Thank God for the CBC, DVDs, and the Internet, so I'm not dependent on the vagaries of the Sci Fi Channel for my weekly dose of Doctor Who.

Wednesday, 24 May 2006

Let's Hope They're Not Free Range

It might be a good idea to give the countryside a miss for the time being. As if wild boar on the loose weren't bad enough, now a farmer in East Anglia is planning to start Britain's first crocodile farm.

That should make agricultural fairs more lively.

Moon Mining

David Beaty, associate Chief Scientist for NASA's Mars programme, has some sobering advice for would-be lunar colonists. While he says that any future Moon settlement will have to "live off the land" to be a success, he points out that the raw materials aren't exactly lying on the surface waiting to be scooped up and some, like water ice, might not exist at all.

Good points, but I still say that lunar mining isn't going to go much of anywhere so long as the miners have to lumber around in one of these.

Landlocked by History

The recent independence vote by Montenegro has not only put paid to the late, unlamented Yugoslavia, it has also made Serbia share with Austria the dubious honour of being a former naval power without access to the sea (Those of a certain age may recall watching The Sound of Music and being confused by Captain Von Trapp's reputation as Austria's greatest submariner).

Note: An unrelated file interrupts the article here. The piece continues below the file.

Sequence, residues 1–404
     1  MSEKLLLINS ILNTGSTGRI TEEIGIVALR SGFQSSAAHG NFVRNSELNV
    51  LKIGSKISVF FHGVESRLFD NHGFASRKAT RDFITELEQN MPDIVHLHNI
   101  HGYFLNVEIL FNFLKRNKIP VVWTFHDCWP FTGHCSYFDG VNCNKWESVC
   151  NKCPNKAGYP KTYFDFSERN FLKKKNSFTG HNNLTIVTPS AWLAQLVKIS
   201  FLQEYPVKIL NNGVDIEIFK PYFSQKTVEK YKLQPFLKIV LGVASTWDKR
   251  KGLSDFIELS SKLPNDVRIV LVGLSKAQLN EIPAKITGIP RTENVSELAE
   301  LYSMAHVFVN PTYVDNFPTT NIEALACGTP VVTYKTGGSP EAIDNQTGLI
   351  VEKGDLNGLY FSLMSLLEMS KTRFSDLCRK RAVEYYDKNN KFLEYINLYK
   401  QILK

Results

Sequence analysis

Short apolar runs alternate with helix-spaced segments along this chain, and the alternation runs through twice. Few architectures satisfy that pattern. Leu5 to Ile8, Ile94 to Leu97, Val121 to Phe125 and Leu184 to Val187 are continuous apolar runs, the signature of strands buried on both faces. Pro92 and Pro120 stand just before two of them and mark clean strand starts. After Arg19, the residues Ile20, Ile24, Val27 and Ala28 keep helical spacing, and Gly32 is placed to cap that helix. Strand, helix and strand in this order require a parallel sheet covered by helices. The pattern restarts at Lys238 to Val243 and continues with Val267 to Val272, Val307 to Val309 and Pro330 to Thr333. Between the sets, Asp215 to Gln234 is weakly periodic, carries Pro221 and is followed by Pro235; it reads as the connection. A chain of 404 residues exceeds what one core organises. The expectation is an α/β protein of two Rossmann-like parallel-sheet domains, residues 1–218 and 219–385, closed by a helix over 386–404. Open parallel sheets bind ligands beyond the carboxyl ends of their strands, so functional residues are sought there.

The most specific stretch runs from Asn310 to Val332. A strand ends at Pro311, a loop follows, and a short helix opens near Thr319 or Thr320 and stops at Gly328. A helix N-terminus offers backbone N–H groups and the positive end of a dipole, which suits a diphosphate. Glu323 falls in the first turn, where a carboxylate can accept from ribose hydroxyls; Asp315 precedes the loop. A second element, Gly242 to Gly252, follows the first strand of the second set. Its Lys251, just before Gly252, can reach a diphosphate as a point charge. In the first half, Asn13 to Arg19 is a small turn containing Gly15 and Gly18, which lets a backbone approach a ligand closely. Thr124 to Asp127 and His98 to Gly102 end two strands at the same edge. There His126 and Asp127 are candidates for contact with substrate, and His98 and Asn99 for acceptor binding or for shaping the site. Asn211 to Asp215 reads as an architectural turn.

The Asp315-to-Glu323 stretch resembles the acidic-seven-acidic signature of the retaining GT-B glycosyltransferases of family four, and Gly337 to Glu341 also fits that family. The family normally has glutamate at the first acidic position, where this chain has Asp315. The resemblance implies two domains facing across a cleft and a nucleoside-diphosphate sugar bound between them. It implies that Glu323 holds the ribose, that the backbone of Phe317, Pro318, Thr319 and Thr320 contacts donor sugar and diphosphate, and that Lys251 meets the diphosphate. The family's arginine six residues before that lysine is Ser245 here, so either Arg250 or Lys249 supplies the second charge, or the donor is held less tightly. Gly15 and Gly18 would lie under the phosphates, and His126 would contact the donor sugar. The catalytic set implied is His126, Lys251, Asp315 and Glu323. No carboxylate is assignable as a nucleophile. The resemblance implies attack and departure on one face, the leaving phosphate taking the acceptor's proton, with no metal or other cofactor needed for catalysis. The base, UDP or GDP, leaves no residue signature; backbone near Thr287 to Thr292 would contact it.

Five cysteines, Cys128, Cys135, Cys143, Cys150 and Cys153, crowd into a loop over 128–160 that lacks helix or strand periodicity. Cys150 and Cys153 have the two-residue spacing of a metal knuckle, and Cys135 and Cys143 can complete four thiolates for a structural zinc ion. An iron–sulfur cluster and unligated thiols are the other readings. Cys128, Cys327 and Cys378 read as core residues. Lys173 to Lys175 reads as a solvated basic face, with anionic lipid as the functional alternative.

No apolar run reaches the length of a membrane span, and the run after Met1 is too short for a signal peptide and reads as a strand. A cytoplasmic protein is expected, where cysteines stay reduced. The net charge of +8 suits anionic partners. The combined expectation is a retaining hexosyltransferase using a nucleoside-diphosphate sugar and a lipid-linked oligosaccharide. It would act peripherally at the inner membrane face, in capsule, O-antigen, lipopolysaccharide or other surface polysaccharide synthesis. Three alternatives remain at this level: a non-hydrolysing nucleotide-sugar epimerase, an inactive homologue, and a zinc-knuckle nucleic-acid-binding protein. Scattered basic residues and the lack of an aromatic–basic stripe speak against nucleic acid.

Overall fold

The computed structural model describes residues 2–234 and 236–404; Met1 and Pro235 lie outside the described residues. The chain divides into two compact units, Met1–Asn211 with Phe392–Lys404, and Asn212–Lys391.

Perhaps now Serbian admirals can enjoy the same comparisons as their Swiss counterparts in a brothel and a Hoover.

Stranded Web Site

What is worse: having a double hard-drive crash or having double pneumonia? If you've ever tried maintaining a web site you know that a couple of lungs filled with fluid is much easier to handle.

I should know. Last August through September I was bed-ridden for six weeks with enough anti-biotics, codeine, and muscle relaxants to choke a horse-- if it's possible to choke a horse in that fashion, which I doubt. Even though I spent most of my days passing in and out of consciousness until many parts of the flat became but a distant memory to me, I still had the laptop and a wireless connection, so despite being too weak to get a cup of tea I could still get on line and bang out the occasional column. Mind you, most of the copy read like something written in a fevered delirium-- which it was, but I could still post, and that's the whole point.

On the other hand, if the hardware suddenly decides to pack up, you're pretty much shot back into the stone age without a return ticket. That's pretty much what happened to me.

The first harbinger of doom was when my PDA suddenly died on me while I was changing the batteries. One moment it was an aging but respectable Handspring with a low-battery alert and the next it was an inert tile of plastic off to the undiscovered country from whose bourn no traveler returns.